Carlos Mérida (1891 - 1985)

Carlos Mérida (1891 - 1985)

Blog Posts

ARTFORUM: Carlos Mérida
"Matte colors—forest green, banana yellow, tan, cobalt blue—swirl beneath thick black lines, accentuating forms that slip in and out of coherent representation: almost-fetal twins, snakes, rivers, legs, a lightning bolt, faces in profile, pipes, and birds."
SF Reporter: Revisiting the Popol-Vuh
"In certain ways, [Mérida's version] is more accurate," Hecho a Mano owner Frank Rose tells SFR. "They're living stories. So putting it into a visual form puts it back into seeing this abstract realization of these characters, these beings."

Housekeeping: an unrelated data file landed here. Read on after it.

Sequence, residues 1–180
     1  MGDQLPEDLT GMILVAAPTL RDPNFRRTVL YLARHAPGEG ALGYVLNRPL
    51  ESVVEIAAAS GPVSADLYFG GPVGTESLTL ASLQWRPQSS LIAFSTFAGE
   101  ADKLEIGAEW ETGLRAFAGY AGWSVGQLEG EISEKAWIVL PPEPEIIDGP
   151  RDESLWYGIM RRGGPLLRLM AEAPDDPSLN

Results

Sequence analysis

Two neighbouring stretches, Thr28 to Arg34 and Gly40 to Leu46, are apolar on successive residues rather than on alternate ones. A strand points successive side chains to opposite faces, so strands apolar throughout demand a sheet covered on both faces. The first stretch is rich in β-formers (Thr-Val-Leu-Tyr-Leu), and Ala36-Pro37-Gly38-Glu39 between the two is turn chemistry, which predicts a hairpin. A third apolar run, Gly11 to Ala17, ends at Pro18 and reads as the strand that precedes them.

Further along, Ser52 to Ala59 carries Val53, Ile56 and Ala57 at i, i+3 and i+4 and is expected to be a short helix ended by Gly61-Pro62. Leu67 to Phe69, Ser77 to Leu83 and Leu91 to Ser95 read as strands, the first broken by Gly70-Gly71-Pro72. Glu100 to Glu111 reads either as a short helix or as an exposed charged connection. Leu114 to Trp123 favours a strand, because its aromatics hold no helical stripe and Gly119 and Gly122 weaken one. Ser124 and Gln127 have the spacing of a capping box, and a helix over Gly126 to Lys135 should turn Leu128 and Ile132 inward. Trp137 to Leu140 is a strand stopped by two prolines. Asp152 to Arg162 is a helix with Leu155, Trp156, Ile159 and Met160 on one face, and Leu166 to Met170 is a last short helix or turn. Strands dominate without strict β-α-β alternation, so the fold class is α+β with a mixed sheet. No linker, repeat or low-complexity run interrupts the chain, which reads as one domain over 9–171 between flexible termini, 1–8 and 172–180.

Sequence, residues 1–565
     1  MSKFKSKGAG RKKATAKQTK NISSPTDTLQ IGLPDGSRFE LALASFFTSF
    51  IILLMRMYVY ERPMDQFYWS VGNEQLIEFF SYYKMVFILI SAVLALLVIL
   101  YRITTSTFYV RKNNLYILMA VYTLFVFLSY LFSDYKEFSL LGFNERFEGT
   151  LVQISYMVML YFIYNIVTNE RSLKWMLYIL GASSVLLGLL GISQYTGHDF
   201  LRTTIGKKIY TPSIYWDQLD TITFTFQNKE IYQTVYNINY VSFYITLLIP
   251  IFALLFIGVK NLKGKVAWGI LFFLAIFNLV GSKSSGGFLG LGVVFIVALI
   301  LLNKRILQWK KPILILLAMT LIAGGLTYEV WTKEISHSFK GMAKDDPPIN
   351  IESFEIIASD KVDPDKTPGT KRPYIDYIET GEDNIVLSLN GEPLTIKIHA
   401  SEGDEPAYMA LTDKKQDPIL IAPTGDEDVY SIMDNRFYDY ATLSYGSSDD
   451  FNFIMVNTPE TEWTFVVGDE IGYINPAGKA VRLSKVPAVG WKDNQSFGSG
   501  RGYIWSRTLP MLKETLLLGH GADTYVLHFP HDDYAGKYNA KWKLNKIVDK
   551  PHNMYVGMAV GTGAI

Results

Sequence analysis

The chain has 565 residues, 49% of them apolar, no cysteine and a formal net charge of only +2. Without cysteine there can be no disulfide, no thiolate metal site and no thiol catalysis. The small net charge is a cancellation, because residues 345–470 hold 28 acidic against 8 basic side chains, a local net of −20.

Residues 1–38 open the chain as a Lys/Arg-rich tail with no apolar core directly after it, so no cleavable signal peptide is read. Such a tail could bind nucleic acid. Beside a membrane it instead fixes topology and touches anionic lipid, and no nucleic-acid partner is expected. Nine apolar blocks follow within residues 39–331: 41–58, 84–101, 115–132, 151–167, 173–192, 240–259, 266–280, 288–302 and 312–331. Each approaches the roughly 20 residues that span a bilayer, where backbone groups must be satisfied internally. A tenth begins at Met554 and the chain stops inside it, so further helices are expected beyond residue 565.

Carlos Mérida's Mujeres
Mérida’s paintings of indigenous women exemplified the manner in which an artist could use the “essential” aspects of painting to express the visual and material characteristics of his subjects.
Carlos Merida's Estampas del Popol Vuh
Mérida took a Maya sacred text, the Popol vuh, as the inspiration for a set of ten lithographs that appeared as a portfolio in 1943. The portfolio layered the lithographs with translucent pages printed with relevant fragments of text from the Popol vuh in both Spanish and English.

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